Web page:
In a recent study, Buddy Media reports on when brands should Tweet for maximum engagement
Buddy Media recently produced a report analayzing engagement trends for brands engaged in social media marketing through Twitter and Facebook. Engagement was measured with three factors: the Reply rate as a percentage of followers, the Retweet rate as a percentage of followers and the Engagement rate, which combined both replies and retweets while factoring in the number of followers.
Some of the information was surprising, such as
Twitter engagement rates for brands are 17% higher on Saturday and Sunday compared to weekdays, but most brands don't take advantage of this trend.
Really? I'd always read that weekdays were best for brand engagement. But to be honest, whenever I Tweet on behalf of a brand over a weekend, I'm always surprised at the response. This report found that most brands Tweet mid-week, when engagement is lowest. Much better to schedule a Tweet for a weekend and use some type of notification tool (I use the free Boxcar iPhone app) to be notified immediately of Retweets and mentions via smartphone.
It turns out that when brands Tweet during the "busy hours" of 8:00 AM to 7:00 PM Eastern, they enjoy 30% more engagement than during off-peak hours. Interestingly, the reverse is true for Facebook: the study showed that posts on non-busy hours (between 7:00 PM and 8:00 AM Eastern) get 17% better engagement than during busy hours. So for an always-on strategy, Tweet during the day and schedule Facebook posts to appear during non-busy hours.
Interestingly, the report indicated that brands that Tweeted more often than four times a day got diminishing returns in terms of engagement. From the chart below, it would appear that even just Tweeting once a day (with good content, presumably) can result in a very high level of engagement.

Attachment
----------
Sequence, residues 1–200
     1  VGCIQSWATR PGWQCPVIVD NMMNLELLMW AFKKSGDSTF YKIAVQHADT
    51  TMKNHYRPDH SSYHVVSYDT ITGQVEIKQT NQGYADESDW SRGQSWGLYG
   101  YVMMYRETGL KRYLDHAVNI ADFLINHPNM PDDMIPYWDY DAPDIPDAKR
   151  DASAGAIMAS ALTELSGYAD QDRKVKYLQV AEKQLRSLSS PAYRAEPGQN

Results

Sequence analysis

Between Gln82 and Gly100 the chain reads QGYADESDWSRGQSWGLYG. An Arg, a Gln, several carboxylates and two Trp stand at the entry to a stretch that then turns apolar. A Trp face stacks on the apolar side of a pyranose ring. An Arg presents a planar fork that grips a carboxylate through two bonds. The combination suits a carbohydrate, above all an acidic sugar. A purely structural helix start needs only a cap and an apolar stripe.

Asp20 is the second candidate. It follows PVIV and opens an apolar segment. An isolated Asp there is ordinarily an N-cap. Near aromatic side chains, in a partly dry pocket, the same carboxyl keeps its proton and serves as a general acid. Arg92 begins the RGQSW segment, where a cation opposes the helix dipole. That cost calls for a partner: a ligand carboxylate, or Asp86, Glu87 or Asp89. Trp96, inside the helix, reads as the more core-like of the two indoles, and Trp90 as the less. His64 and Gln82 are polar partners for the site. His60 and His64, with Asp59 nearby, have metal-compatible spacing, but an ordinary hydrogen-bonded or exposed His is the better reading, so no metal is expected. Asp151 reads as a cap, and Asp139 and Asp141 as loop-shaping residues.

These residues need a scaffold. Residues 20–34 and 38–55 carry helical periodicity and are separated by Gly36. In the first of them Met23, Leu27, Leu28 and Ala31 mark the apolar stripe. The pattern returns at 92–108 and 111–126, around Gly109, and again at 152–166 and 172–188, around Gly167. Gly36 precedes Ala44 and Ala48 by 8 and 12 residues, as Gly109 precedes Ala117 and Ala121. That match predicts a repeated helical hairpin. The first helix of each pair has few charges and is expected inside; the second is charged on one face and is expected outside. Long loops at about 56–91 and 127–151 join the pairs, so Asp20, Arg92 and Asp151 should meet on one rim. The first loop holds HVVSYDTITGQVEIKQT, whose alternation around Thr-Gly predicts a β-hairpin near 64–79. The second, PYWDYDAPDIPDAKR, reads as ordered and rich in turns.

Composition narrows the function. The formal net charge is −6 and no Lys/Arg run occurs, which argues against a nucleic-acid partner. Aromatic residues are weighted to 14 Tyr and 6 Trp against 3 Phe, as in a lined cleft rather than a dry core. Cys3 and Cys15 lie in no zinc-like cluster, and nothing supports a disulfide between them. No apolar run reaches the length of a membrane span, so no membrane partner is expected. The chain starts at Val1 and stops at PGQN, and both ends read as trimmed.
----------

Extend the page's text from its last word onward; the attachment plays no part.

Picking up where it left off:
Shorter Tweets are better, the study found:
Tweets that contain less than 100 characters receive 17% higher engagement than longer Tweets.
It's always been considered polite to keep a Tweet under 140 characters to allow space for the retweeter's account name and comments, but this study shows that it's more than a best practice; it actually drives better results. Plus, it's a good exercise in condensing your message into a concise little chunk.
Link it or lose it
Again, it's always been a best practice to link to interesting articles and videos, but now there is data to back up the practice:
Tweets that contain links receive 86% higher Retweet rates than Tweets with no links.
So while it's good practice to Tweet your opinions and questions, for a high level of engagement via clickthroughs and Retweets, make sure you're linking to good content. This not only drives traffic to your destinations and increases your credibility when you link to external authoritative sources, but it allows the possibility of amplification of your brand and its messages to additional followers.